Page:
‘Now I guess it’s not so scary anymore.’
He tossed his empty bottle gently into the sand.
Dinner was a quiet affair, Lucien cooked, Jack drew figures in the sand or built the fire or wrote or simply sat, there was nothing to say and so many ways to say nothing.
‘Jack, you know why I quit?’
The fire crackled explosions and gunshots in miniature.
‘I quit because of Gareth, because of Rick, because of Kim, because of every candle I snuffed with a gun wearing the suit n’ tie. I quit because I felt nothing for anything. We killed Gareth, we didn’t lose him and we hide from that because until we got the order to shoot him in the face for some stupid shit, he was a brother to us. Rose died because of me, after I left, I killed everyone involved, all of them. They didn’t die well and they didn’t die fast, by the end there was very little of them left at all. ’
His words were measured, like he was holding back a flood, a torrent that would drown him now and forever.
‘And when that was done, I felt nothing. Not even pride in the kill, pride in being the best. Nothing. So I left, tried to see the spark, the value in people. And I did, I do. I mean all of them so alive and then bang, they’re gone and they wont be anything ever again.’
Lucien, Jack realised, was explaining this to himself, he was simply the audience.
‘I don’t have a right to do that. That’s why I can’t fight you, that’s why I can’t come back.’
Jack looked at the cooler and at the veritable mountain of bottles.
‘Just two soldiers left in there, wanna help me finish em off, Lucien?’
‘Gotta go sometime don’t they?’
‘Yeah, I suppose they do.’
Morning. Over the eastern lip, the sun bursts like a spark, improbably bright, the house silhouetted in its rays, casting a shadow over the bay.
Lucien struggles to his feet, a hangover threatening him like a storm cloud hovering on a summer day. He wonders briefly what to do with the rest of a life he didn’t plan on having and glances at Jack’s chair. A note is pinned to the cloth with a switchblade, like a struggling fish, it flails in the wind.
Thanks for showing me how clear the ocean is. I hope you don’t go meet Rose just yet.
I’ll square things back home, I think this’ll be my last job, maybe.
Your Friend, Jack”
With a smile, he starts to collect the bottles. It doesn’t matter how many dead soldiers you have to clean up, as long as you save one, he tells himself, believing it.
As long as you save one.
[25 years later]
‘Dad are we there yet?’
He looks around and smells the air
‘No, not yet, not far to go now.’ he says. Turning back to look at the young man full of energy, he sees a boy who threw bottles in Honolulu, and at the same time, one who never did. He can understand his impatience, his desire for everything and he can also see he must temper it, or try at least.
The path opens to beach, calm. A tranquil bay, water the clear turquoise seen only in travel brochures. Curved slightly, like the last slice of a crescent moon, on one tip, a house. The beach, like his mind, is empty except for a man. Lounging in canvas deck chair, a small temple of beer bottles nearby, not asleep but resting. The man cannot see him, nonetheless...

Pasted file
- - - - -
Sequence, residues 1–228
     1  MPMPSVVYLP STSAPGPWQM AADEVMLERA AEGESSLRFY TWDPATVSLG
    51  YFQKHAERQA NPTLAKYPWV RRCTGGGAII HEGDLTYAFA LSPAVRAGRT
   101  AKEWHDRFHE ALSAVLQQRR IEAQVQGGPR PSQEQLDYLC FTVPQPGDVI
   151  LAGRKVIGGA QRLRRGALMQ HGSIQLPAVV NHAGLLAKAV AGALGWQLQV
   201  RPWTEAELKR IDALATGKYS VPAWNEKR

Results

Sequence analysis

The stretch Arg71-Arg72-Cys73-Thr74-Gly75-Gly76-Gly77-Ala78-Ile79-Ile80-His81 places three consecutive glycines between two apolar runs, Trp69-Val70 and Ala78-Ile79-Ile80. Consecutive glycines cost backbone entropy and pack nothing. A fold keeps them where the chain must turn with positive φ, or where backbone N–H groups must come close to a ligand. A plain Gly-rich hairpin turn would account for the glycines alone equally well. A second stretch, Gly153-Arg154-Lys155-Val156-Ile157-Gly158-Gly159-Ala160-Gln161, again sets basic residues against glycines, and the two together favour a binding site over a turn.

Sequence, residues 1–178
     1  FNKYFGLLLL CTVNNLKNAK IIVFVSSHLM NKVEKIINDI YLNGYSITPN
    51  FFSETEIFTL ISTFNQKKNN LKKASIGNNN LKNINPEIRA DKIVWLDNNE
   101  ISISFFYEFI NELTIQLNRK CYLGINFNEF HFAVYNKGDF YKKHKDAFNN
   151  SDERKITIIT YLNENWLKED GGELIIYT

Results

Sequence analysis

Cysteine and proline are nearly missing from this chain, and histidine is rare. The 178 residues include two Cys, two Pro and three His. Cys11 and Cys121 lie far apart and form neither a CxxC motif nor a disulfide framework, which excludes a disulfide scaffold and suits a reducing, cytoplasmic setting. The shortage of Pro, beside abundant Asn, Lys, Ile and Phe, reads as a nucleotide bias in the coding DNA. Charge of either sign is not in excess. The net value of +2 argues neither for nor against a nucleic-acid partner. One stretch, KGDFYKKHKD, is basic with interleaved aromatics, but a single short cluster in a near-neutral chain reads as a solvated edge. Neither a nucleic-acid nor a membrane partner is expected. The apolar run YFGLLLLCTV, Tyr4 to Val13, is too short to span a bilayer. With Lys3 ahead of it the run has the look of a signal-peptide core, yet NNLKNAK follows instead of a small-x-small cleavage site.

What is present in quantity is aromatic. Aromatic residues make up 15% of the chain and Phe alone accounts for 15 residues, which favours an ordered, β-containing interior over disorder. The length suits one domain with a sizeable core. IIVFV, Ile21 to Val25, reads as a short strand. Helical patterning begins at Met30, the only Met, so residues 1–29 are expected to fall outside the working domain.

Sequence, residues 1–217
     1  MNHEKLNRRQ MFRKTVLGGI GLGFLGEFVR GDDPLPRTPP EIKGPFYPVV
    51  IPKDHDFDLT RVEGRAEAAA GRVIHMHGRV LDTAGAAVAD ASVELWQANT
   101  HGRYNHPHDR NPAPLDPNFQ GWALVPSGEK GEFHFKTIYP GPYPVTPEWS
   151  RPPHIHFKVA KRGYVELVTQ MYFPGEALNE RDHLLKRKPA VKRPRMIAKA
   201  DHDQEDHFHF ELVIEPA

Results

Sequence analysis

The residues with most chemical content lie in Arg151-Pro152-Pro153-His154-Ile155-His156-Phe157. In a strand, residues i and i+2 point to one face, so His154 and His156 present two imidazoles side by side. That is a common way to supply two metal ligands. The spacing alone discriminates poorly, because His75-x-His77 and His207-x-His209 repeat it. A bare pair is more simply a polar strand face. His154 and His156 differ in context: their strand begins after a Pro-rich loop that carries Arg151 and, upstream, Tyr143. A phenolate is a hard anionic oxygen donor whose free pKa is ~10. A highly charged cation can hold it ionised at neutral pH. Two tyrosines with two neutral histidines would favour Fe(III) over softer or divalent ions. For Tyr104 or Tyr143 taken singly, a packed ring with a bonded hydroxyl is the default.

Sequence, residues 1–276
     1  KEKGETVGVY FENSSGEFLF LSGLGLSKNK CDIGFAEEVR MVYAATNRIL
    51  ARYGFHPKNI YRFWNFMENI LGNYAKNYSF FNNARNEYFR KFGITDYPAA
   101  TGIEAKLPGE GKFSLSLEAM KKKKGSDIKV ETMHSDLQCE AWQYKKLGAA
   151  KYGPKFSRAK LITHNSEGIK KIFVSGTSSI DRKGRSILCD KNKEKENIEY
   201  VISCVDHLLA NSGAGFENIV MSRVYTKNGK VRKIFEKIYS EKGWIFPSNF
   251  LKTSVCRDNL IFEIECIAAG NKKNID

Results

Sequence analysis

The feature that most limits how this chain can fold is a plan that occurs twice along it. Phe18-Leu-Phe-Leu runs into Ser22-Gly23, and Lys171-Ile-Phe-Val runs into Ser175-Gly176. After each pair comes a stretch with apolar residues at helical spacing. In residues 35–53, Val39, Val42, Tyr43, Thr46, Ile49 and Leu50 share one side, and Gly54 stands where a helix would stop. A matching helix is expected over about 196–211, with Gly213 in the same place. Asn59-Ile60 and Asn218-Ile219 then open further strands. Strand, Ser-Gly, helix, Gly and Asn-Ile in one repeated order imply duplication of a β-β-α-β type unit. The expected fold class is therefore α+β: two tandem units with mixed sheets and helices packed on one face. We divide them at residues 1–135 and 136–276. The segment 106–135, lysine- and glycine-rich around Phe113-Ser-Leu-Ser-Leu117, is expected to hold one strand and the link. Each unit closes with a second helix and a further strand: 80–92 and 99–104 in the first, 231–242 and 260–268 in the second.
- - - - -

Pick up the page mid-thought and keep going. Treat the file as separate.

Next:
‘Papa!’ a girl’s voice shouts.
The resting man turns to the blossoming young woman walking in the waves and follows her pointing finger to the two figures emerging, as if born again, from the forest.
Jack turns to him and
‘Son, give us a minute wouldja? We’ve got some catching up to do.’
Like a stranger walking into the wrong theatre in the middle of the movie, he leaves his father be.
Lucien speaks to the girl in Spanish, Portuguese perhaps, Jack never knew many Latin languages and spoke none. Then turned to the young man.
‘His name is Will. Will, this is Lucien.’
‘There’ll be time for meetings later, follow Rose, she’ll show you where you’ll be staying tonight.’.
Watching the two figures walk lazily down the crescent moon beach, they sit, so much to say and so many ways to say it.
‘You rebuilt the house? Old ghosts?’
‘New life, it’s what she would have wanted.’
‘He looks like a fine young man. Knew you’d do a good job of it.’
‘It’s harder to create than destroy.’ They sat for a while, counting how much they had destroyed. Years could have passed, the sea could have swallowed the land and spat it back out again in their personal eternity. No matter how much they created they could never hope to challenge it, their wreckage, their personal graveyards, but you had to try, it was all that you could do sometimes.
Lucien held his bottle aloft.
‘A toast, to the old guard and the young blood, to the dead soldiers and to the last ones standing’
Clink went the bottles.
That night under stars, drunk off bad beer, good wine and youth, two old men told stories about danger and adventure and friendship.
That night under stars, drunk off bad beer, good wine and youth, two lovers kissed quietly, intensely, glad to be alive and never knowing how close they were to never being at all.
Outnumbered? Outgunned? Outclassed? Hmm, they're learning.